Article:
Intracellular immunization to target the human immunodeficiency virus type 1 (HIV-1) regulatory protein Rev has been explored as a genetic therapy for AIDS. Efficient intracellular expression of rearranged immunoglobulin heavy and light chain variable regions of anti-Rev monoclonal antibodies, with various vectors, and subsequent inhibition of HIV-1 replication have been previously reported by our laboratories. To further understand the molecular mechanism(s) and effects that intracellular anti-Rev single chain variable fragments (SFvs) have against HIV-1, via blocking of Rev function, two anti- Rev SFvs which specifically bind to differing epitopes of the Rev protein have been cloned. One SFv binds to the Rev activation domain, and the second SFv hinds to the distal C terminus of Rev in the nonactivation region. Further studies now demonstrate that both anti-Rev SFvs lead to variable resistance to HIV-1 infection. Although binding affinity assays demonstrated that the SFv which specifically recognizes the Rev activation domain (D8) bad an extracellular binding affinity significantly lower than that of the SFv specific to the nonactivation region (D10), the SFv D8 demonstrated more potent activity in inhibiting virus production in human T-cell lines and peripheral blond mononuclear cells than did SFv D10. Thus, extracellular binding affinities of an SFv for a target viral protein cannot be used to directly predict its activity as an intracellular immunization moiety. These data demonstrate potential approaches for intracellular immunization against HIV-1 infection, by efficiently blocking specific motifs of Rev to alter the function of this retroviral regulatory protein. These studies extend the understanding of the effects, on a molecular level, of SFvs binding to critical epitopes of Rev and further suggest that rational design of SFvs, with interactions involving specific viral moieties which mediate HIV-1 expression, may hold promise for the clinical application of genetic therapies to combat AIDS.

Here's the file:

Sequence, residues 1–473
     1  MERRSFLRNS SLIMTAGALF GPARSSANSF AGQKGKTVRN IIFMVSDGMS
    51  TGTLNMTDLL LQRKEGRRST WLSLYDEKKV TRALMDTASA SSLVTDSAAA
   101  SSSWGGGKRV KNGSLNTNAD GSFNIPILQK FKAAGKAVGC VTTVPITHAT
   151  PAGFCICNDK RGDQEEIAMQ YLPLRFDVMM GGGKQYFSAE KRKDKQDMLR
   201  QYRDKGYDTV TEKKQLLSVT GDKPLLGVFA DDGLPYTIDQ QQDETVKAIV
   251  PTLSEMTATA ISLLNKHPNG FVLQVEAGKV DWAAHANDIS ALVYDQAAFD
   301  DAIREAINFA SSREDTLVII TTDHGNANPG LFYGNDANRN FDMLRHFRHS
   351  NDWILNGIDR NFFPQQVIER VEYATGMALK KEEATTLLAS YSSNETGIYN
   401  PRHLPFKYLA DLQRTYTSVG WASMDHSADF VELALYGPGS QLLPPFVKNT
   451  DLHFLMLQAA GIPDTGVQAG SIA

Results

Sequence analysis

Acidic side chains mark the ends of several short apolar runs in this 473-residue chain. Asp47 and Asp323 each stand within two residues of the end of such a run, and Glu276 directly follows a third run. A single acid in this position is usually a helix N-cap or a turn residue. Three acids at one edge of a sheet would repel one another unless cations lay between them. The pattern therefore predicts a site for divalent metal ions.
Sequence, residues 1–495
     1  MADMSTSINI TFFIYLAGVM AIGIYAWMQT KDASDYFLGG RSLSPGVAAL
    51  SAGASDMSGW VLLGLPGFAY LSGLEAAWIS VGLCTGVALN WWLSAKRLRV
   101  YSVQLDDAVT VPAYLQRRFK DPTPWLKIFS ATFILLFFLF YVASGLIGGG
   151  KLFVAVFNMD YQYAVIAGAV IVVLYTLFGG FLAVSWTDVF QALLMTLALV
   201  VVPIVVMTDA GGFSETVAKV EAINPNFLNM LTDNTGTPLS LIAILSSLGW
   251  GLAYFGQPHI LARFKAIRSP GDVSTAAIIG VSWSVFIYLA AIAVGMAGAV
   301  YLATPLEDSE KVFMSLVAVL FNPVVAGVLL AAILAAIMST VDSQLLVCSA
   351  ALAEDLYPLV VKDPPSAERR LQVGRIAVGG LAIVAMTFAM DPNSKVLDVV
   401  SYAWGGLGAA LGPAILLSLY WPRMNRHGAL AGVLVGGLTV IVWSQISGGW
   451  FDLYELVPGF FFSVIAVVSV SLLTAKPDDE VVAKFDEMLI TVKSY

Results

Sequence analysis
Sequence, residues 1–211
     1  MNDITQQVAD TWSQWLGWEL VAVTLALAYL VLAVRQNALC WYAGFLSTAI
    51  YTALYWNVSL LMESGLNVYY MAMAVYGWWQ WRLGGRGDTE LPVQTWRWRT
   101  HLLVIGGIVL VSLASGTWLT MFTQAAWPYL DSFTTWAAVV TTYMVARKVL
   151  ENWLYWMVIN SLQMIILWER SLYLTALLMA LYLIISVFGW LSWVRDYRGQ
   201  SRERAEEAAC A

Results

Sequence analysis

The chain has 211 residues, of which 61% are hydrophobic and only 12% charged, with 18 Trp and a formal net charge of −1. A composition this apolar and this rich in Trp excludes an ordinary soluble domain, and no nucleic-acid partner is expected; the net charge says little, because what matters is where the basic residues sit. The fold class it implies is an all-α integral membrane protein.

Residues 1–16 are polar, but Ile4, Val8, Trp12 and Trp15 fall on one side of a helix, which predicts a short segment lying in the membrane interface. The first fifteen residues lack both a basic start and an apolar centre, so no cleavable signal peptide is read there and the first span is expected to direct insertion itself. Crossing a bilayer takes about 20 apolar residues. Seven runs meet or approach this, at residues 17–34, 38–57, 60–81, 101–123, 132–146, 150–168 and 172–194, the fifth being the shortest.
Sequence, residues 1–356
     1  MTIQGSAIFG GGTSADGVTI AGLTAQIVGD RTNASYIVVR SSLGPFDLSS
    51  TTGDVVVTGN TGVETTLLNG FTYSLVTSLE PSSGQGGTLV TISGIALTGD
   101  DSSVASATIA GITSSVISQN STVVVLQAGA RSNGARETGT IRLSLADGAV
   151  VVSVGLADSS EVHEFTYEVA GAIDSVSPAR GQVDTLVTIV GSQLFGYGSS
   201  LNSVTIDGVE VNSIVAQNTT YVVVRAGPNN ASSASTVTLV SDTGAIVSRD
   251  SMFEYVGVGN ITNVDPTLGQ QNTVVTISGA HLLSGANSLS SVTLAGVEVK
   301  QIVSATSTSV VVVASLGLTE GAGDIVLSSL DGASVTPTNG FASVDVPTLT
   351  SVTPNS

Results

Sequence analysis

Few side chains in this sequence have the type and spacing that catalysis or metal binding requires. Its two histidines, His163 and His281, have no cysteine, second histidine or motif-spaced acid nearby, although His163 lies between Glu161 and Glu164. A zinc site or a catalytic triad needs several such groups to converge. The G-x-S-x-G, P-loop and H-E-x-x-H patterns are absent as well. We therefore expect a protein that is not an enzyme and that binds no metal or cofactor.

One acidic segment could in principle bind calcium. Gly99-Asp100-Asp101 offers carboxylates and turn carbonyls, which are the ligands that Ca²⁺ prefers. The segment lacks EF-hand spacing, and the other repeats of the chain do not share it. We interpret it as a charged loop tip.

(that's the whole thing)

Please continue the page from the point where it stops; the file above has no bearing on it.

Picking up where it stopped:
ASJC Scopus subject areas
- Insect Science